Kenya Puts Funds in Torn Pockets

Published on 7th February 2011

Since inception back in 2003, the Constituency Development Fund (CDF) has transformed rural Kenya in ways that central planning and administration of funds did not achieve in more than 40 years of independence. CDF management, however, faces challenges that scale down potential achievements. Problems of corruption and lack of structured priorities, must addressed as a means of stemming losses. Solutions exist, including the public being a watchdog and continually fighting the embezzlement, and using technology to centrally monitor and flag possible fraudulent activities.

CDF anticipates grassroots participation in identifying priorities and allocating funds according to these priorities. Today CDF projects dot the rural areas: clean watering places, schools, clinics, access roads, markets, electricity and more!Grassroots disbursement has positively impacted rural business (e.g. building and road contractors) and provided jobs for a number of people. Some children that could not afford school fees now benefit from these funds. All said and done, CDF has been good for the local economy and national development.

CDF faces many challenges. Among these is lack of coordinated development within and across constituencies, corruption (embezzlement is a more appropriate term) and MPs’ misuse.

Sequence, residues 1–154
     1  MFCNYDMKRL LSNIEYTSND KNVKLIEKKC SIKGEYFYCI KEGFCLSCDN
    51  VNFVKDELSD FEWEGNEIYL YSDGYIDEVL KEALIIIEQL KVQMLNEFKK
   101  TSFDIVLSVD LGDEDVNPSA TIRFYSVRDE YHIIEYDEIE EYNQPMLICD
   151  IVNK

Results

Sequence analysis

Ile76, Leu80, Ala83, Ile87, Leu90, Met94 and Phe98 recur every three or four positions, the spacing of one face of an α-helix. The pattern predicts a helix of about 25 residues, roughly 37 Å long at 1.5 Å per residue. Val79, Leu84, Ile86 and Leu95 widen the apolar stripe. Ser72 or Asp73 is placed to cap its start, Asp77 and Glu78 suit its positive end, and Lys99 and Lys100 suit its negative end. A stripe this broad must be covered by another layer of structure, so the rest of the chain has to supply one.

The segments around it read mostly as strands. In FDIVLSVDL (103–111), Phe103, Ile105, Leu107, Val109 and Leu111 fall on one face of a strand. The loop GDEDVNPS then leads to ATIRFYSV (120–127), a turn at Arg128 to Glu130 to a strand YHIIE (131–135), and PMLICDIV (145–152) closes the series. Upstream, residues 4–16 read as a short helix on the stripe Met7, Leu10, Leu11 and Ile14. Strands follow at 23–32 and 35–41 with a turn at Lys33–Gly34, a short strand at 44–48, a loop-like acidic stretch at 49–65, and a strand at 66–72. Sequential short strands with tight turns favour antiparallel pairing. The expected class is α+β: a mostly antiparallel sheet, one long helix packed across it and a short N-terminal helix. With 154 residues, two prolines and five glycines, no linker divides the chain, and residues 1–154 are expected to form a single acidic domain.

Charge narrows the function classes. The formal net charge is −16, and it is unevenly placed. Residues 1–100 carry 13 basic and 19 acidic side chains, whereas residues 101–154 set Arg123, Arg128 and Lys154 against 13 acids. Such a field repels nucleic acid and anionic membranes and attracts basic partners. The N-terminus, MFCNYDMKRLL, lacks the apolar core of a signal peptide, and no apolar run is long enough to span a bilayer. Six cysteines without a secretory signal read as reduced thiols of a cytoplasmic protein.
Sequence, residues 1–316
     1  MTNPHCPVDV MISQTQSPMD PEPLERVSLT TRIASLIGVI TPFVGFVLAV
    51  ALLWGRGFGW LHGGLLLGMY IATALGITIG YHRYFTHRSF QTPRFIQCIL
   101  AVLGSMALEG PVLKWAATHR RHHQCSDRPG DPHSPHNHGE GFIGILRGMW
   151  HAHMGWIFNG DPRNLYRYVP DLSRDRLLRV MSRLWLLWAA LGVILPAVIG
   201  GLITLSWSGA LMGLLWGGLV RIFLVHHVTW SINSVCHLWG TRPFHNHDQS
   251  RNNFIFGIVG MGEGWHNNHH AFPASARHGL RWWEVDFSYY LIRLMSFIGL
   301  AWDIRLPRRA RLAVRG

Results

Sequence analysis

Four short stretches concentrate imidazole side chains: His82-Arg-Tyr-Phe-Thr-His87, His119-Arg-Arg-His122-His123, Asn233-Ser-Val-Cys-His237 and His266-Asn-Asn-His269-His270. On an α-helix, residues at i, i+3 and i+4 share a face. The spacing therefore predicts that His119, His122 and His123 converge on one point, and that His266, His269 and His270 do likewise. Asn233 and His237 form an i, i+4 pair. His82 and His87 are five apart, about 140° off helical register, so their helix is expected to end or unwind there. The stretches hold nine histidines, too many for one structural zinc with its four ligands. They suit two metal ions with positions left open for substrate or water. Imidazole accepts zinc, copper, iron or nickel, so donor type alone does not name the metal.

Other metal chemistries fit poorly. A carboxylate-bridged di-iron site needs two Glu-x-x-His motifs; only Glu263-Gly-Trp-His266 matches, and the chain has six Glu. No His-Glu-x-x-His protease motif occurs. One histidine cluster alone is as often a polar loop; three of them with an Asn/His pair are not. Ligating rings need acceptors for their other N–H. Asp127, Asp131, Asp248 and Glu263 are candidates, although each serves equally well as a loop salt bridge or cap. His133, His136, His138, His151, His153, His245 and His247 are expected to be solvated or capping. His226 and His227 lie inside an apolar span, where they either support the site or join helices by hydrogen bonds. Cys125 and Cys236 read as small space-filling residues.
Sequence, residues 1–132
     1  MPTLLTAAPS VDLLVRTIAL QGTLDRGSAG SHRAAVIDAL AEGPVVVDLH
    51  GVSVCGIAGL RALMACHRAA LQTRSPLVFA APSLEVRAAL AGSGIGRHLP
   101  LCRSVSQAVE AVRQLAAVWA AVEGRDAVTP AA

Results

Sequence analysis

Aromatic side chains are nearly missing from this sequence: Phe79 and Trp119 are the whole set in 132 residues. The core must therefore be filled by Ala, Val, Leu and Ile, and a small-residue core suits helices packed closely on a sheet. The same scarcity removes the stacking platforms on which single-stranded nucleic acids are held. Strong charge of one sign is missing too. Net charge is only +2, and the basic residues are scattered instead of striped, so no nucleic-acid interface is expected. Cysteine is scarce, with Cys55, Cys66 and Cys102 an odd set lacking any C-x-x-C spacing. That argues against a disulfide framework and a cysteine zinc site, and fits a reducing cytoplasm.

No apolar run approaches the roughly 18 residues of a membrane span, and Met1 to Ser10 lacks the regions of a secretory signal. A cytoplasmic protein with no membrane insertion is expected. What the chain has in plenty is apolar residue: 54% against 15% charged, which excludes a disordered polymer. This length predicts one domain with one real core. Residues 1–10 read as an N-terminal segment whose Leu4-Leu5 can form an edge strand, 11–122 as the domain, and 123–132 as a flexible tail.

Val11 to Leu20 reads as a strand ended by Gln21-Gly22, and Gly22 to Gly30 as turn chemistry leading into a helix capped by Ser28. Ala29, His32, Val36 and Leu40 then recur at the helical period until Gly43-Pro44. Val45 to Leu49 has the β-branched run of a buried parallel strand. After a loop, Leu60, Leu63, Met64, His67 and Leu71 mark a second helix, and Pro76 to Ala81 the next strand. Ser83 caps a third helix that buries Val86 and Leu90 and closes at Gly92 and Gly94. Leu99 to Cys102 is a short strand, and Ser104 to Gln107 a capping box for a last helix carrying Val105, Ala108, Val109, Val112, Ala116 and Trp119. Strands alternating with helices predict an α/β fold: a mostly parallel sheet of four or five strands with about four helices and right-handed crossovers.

Few CDF committees engage services of planners to help establish the best possible manner of spending the money. Sub-location and location committees may offer their priorities but lack of professional input in the planning process may lead to misplaced priorities. A worse issue is where MPs disregard grassroots recommendations and allocate the money the way they deem necessary! Usually, this is to reward supporters!

MPs have also been accused of using CDF as slush funds to reward cronies and punish perceived opponents. CDF committees are invariably staffed by MPs’ cronies and henchmen. A bigger problem is corruption and the challenge is how to stem the corruption and ensure that the funds get used properly as intended.

There are stories of CDF committee members whose wealth status skyrockets on being appointed to CDF committees. People whisper about kickbacks given to committee members for favouring certain projects. Other allegations point fingers at MPs, the supposed true custodians of the funds! 

A recent Daily Nation report confirms this. In the report, the Minister for Planning suspended the release of funds for number constituencies that had questionable dealings. PLO Lumumba, director of the Kenya Anti-Corruption Commission (KACC), is also reported to have said that the commission is investigating a number of MPs in this respect.